5
Walter Benjamin, “Moscow”, in Walter Benjamin, Selected Writings, Vol. 2. 1927—1940 (Harvard University Press, 1999), 22—46.

6
Walter Benjamin, “Experience and Poverty”, in Walter Benjamin, Selected Writings, Vol. 2. 1927—1940, (Harvard University Press, 1999), 731—736.

7
Ibid.,735.

8
Walter
Benjamin, “Mickey Mouse”, in Selected Writings. Vol. 2 1927—1940 (Harvard University Press, 1999), 545.

9
Benjamin, W., “Moscow”, 22.

10
Ibid.

11
Here I mean the episode Mickey Mouse in the Dancedaniya that was introduced in February 2015, which I will discuss further in this article.

12
Benjamin, W., “Mickey Mouse”, 545.

13
H. Wells called Lenin a “dreamer in the Kremlin” after his meeting with the Communist leader in Moscow in 1920.

14
Benjamin, W., “Mickey Mouse”, 545.

15
Here I apply Henri Lefebvre’s theory of the social production of space and “spatialisation”. His concept greatly influenced modern urban theory and drew attention from the space itself to the social mechanisms and relations that participate in its production and formation, as well as in the perception (Lefebvre, 1974/1991) of the city. “Natural” space in this case is the initial space that the new state inherited from the Russian Empire, and can be compared to the space of nature that explorers enter when discovering a new land and beginning its development. Since the new state broke any ties to previous eras, it began the process of re-appropriating that space by destroying the sites of immediate reference to the space that it had divorced itself from in order to make that space “appropriate” for the construction of the new state and implementation of the new ideology. The Bolshevik state commissioned the production of a living environment that could raise newly formed citizens and fit them into the ideological communist political and social framework. Thus Russian architects of the first decade after the Revolution could not simply remain artists and constructors but were involved in the process of producing the new “appropriate space”, as Lefebvre names it (Lefebvre, 1974/1991: 59), which was required by Soviet ideology and without which the ideas of social reformation “completely lose their meaning” (Lefebvre, 1974/1991: 59). After the process of appropriation was over and the social production of the new state, the space was complete, the space became “absolute”, meaning that it could fully resemble the state and translate its ideology through its spatial organization and architecture.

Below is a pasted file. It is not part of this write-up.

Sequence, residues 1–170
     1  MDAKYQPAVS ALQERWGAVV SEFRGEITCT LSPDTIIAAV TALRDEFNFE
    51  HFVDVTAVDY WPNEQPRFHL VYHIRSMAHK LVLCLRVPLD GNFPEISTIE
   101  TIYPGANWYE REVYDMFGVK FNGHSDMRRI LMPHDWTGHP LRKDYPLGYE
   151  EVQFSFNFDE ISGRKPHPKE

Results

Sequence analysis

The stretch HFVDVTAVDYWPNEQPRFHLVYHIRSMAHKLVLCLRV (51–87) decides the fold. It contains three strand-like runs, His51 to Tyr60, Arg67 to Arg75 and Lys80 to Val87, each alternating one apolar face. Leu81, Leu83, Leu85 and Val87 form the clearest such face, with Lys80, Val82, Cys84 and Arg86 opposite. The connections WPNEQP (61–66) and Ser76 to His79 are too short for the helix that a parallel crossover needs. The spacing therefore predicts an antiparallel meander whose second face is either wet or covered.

16
The program that was started in 1918 with the goal of providing the population with housing under the initial rule “1 room — 1 adult”. Later, a minimum of 9 m² for an adult was established. The program was realized by confiscating the excess rooms and square meters from the previous owners and transferring them to the new tenants, mostly workers, resulting in the mass formation of communal apartments.

17
Benjamin, W., “Mickey Mouse”, 545.

18
Ibid.

19
Benjamin, W. “Experience and Poverty”, 735.

20
Benjamin, W., “Moscow”, 28.

21
Benjamin, W., “Experience and Poverty”, 735.

22
Kang, J. Walter Benjamin and the Media: The Spectacle of Modernity (Wiley, 2014).

23
Kang, J. “The Spectacle of Modernity: Walter Benjamin and a Critique of Culture (Kulturkritik)” in Constellations Volume 18, No 1, (2011), 80.

24
Paul Scheerbart (1863—1915) was a German thinker, poet and writer of fantastic novels, and the author of the cult book Glasarchitektur (1914), a treatise on the glass architecture inspired by the works by Bruno Taut.

25
Benjamin, W., “Experience and Poverty”, 733.

26
Ibid.

27
Ibid.

28
Benjamin, W., “Moscow”, 23.

29
Ibid.

30
Ibid.

31
Ibid., 33.

32
Ibid., 22.

33
Ibid., 24

34
Ibid., 22.

35
Heynen, H. Architecture and Modernity (MIT Press, 1999), 114.

36
Citation from “Das Passagenwerk” (292) in Architecture and Modernity, 60.

37
Heynen, H. Architecture and Modernity, 119.

38
Benjamin, W., “Moscow”, 31.

39
In the Moscow essay Benjamin wonders: “Where else is it conceivable that a distinguished military leader could one day be made a director of a great state theater?” — referring to a story of a general appointed to the position of director of the Theater of Revolution, as the Moscow Academic Theater named after Vladimir Mayakovski, the former theater of Meyerhold, was then called (Benjamin, 1999: 29).

40
Benjamin, W., “Moscow”, 29.

41
Benjamin, W., “Experience and Poverty”, 735.

42
Ibid.,731.

43
Ibid., 732.

44                  Citation in Heynen, Architecture and Modernity, 101.

45
Benjamin, W., “Moscow”, 28.

46
Ibid., 29.

 

  • by Irina Seits

    PhD candidate in aesthetics at Södertörn University. MAs in history and fine arts. Research interests: history of modernist architecture of the 1920s and formation of the contemporary living space.